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    Bidirectional associations between word memory and one-legged balance performance in mid and later life

    Blodgett, Joanna, Cooper, Rachel ORCID logoORCID: https://orcid.org/0000-0003-3370-5720, Davis, Daniel HJ, Kuh, Diana and Hardy, Rebecca (2021) Bidirectional associations between word memory and one-legged balance performance in mid and later life. Experimental Gerontology, 144. p. 111176. ISSN 0531-5565

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    Abstract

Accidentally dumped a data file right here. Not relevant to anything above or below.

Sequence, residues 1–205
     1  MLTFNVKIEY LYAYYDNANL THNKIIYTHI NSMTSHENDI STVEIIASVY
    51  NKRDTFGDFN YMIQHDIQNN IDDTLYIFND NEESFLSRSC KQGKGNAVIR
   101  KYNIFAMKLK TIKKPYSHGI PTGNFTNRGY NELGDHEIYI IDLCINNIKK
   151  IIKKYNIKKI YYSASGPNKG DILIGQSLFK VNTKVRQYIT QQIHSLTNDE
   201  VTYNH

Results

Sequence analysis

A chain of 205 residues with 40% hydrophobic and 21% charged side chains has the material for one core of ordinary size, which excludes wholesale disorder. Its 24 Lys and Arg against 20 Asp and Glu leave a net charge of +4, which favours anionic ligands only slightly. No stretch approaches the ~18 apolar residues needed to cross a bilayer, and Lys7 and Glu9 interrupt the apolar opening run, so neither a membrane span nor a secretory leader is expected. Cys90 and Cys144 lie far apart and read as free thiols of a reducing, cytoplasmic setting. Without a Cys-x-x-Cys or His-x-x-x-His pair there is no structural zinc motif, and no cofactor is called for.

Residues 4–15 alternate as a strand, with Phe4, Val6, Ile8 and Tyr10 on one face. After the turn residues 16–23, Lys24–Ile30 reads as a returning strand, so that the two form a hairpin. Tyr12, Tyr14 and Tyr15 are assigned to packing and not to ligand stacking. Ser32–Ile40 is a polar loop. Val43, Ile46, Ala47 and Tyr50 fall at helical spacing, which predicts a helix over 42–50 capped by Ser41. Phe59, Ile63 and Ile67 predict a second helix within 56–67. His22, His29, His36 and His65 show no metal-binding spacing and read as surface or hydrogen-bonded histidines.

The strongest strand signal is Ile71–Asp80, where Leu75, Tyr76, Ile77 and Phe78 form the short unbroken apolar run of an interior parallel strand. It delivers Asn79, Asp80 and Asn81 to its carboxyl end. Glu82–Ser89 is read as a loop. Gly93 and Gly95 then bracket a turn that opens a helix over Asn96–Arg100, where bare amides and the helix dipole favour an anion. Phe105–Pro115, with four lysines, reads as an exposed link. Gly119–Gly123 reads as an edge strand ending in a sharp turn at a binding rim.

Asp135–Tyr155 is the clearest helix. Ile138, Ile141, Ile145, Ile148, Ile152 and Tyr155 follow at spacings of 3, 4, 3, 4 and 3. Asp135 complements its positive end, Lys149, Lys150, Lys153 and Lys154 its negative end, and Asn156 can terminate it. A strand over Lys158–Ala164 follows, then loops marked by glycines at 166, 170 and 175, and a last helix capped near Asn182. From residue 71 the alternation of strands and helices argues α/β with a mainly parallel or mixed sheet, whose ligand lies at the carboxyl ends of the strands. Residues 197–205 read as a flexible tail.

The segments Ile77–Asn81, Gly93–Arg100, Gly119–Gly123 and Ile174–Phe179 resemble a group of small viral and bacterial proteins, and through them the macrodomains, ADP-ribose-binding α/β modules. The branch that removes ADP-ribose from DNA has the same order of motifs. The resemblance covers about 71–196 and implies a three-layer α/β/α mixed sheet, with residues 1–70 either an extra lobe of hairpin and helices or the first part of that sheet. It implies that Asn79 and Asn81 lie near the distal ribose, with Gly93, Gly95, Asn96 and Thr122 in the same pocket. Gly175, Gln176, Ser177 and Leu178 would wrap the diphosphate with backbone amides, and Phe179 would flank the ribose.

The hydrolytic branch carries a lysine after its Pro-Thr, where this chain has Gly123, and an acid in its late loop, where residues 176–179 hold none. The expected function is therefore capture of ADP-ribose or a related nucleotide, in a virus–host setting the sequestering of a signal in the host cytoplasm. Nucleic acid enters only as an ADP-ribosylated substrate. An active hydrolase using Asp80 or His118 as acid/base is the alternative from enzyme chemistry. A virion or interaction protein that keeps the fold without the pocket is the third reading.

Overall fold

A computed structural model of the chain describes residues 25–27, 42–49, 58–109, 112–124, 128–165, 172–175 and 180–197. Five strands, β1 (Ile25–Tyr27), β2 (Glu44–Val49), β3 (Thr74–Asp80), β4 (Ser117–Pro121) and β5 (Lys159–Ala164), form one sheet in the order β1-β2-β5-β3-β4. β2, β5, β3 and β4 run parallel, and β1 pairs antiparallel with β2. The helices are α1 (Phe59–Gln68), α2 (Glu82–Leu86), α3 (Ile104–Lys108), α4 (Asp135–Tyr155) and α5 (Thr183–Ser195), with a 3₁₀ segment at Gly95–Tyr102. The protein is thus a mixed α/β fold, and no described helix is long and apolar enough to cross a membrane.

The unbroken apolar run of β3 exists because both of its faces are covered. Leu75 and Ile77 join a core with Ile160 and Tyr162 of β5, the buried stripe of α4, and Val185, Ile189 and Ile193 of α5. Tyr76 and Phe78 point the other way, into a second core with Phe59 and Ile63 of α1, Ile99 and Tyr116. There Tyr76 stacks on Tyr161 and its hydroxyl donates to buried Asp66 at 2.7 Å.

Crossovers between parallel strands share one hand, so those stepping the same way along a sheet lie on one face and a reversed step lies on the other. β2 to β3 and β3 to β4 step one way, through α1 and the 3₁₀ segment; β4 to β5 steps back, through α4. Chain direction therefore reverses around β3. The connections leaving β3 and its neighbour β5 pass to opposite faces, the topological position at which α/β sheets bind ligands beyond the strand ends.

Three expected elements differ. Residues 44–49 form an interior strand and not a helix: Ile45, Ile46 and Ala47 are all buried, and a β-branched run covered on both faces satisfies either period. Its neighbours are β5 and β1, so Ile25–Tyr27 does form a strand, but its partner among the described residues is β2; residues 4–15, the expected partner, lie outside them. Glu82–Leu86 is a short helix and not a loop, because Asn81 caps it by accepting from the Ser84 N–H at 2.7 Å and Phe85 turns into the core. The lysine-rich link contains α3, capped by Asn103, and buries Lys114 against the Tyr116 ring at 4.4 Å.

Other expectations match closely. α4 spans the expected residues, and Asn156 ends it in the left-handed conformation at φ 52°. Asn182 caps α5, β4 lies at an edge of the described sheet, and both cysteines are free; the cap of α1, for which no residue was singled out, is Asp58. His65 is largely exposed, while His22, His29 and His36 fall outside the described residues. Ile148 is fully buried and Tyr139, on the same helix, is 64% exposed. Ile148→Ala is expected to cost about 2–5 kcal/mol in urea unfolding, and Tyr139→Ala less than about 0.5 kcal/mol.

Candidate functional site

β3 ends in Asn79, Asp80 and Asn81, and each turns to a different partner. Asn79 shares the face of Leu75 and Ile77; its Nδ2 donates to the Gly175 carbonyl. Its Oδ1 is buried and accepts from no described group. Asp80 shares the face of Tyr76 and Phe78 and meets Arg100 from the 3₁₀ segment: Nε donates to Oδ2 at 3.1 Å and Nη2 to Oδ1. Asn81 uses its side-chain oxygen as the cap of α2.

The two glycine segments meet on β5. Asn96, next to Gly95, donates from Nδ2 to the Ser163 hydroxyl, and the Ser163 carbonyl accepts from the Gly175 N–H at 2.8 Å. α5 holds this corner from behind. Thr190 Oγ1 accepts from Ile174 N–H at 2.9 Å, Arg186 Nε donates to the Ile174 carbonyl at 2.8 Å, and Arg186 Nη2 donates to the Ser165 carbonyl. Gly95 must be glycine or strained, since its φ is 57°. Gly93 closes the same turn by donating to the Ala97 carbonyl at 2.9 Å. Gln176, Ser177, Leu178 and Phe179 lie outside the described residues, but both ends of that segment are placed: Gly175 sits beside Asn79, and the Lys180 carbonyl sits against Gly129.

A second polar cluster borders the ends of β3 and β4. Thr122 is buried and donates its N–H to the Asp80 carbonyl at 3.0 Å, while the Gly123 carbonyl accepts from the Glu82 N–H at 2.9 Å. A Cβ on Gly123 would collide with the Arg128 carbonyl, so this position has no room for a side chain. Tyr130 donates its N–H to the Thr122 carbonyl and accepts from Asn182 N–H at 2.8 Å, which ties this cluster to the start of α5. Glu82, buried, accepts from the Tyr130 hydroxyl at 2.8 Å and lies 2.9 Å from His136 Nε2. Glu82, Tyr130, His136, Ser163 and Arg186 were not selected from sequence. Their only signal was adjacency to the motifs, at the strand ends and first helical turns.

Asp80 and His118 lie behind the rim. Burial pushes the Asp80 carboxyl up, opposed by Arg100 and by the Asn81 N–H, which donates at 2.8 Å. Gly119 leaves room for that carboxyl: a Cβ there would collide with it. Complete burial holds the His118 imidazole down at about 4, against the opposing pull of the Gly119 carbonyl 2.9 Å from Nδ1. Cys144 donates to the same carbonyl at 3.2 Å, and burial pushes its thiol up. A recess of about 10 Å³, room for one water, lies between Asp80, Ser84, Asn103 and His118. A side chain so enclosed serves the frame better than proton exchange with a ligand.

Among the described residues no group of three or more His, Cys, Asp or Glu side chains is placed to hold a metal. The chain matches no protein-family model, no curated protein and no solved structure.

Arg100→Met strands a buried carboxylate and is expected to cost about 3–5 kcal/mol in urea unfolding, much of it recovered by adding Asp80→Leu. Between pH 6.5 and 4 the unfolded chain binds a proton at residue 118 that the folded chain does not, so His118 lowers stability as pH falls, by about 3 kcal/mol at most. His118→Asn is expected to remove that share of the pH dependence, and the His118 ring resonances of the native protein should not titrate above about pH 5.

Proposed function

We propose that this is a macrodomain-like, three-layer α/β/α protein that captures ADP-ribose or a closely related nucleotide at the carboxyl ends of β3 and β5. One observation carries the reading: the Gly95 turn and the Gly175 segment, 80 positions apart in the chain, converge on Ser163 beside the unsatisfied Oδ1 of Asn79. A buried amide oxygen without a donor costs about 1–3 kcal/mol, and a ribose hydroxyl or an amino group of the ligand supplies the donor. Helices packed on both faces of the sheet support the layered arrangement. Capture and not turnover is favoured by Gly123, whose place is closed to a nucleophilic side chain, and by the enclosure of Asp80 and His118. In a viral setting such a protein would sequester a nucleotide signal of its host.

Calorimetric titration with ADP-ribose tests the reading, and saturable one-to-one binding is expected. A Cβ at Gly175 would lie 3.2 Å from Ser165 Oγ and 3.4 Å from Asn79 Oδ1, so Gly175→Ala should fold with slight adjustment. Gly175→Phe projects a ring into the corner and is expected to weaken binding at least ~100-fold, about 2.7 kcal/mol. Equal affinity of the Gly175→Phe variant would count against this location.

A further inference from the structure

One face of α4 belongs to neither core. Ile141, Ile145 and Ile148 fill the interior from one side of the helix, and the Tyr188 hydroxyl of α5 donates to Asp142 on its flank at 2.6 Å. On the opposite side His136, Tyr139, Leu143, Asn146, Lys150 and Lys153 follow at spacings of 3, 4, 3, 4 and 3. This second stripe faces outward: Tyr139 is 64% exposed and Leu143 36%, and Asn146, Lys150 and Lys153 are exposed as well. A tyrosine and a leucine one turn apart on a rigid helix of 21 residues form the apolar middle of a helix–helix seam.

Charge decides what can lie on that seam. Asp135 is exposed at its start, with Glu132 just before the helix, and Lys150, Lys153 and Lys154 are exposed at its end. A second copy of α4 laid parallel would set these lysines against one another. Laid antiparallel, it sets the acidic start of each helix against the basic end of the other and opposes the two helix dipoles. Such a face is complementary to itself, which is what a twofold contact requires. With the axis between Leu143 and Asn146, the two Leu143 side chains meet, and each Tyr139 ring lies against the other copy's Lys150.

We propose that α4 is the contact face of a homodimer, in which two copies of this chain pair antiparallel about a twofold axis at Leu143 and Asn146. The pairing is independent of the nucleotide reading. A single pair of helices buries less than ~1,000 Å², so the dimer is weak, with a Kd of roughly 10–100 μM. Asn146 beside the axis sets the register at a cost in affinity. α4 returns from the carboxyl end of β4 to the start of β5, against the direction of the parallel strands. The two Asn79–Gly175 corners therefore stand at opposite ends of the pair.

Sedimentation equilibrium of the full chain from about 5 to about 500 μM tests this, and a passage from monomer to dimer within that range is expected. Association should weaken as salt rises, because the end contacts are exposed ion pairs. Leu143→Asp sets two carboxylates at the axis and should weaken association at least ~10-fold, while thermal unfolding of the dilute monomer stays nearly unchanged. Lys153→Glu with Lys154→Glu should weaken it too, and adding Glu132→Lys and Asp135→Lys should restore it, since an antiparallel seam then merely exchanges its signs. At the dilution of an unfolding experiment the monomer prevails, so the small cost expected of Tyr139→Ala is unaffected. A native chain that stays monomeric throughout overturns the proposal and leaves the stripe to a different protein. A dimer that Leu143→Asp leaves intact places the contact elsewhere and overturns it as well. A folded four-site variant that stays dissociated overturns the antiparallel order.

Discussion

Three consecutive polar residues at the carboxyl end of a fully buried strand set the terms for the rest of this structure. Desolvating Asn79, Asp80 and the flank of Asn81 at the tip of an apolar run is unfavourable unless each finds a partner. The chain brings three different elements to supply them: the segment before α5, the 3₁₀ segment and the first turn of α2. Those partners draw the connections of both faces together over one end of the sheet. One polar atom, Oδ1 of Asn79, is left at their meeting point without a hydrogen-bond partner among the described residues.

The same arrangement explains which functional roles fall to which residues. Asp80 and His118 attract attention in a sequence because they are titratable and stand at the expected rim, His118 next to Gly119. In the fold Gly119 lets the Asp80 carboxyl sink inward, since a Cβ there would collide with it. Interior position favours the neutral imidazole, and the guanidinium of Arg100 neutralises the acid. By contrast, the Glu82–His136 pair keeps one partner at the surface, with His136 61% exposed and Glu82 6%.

Background Age-related changes in cognitive and balance capabilities are well-established, as is their correlation with one another. Given limited evidence regarding the directionality of associations, we aimed to explore the direction and potential explanations of associations between word memory and one-legged balance performance in mid-later life. Methods A total of 3062 participants in the Medical Research Council National Survey of Health and Development, a British birth cohort study, were included. One-legged balance times (eyes closed) were measured at ages 53, 60–64 and 69 years. Word memory was assessed at ages 43, 53, 60–64 and 69 with three 15-item word-recall trials. Autoregressive cross-lagged and dual change score models assessed bidirectional associations between word memory and balance. Random-effects models quantified the extent to which these associations were explained by adjustment for anthropometric, socioeconomic, behavioural and health status indicators. Results Autoregressive cross-lagged and dual change score models suggested a unidirectional association between word memory and subsequent balance performance. In a sex-adjusted random-effects model, 1 standard deviation increase in word memory was associated with 9% (7,12%) higher balance performance at age 53. This association decreased with age (−0.4% /year (−0.6,-0.1%). Education partially attenuated the association, although it remained in the fully-adjusted model (3% (0.1,6%)). Conclusions There was consistent evidence that word memory is associated with subsequent balance performance but no evidence of the reverse association. Cognitive processing plays an important role in the balance process, with educational attainment providing some contribution. These findings have important implications for understanding cognitive-motor associations and for interventions aimed at improving cognitive and physical capability in the ageing population.

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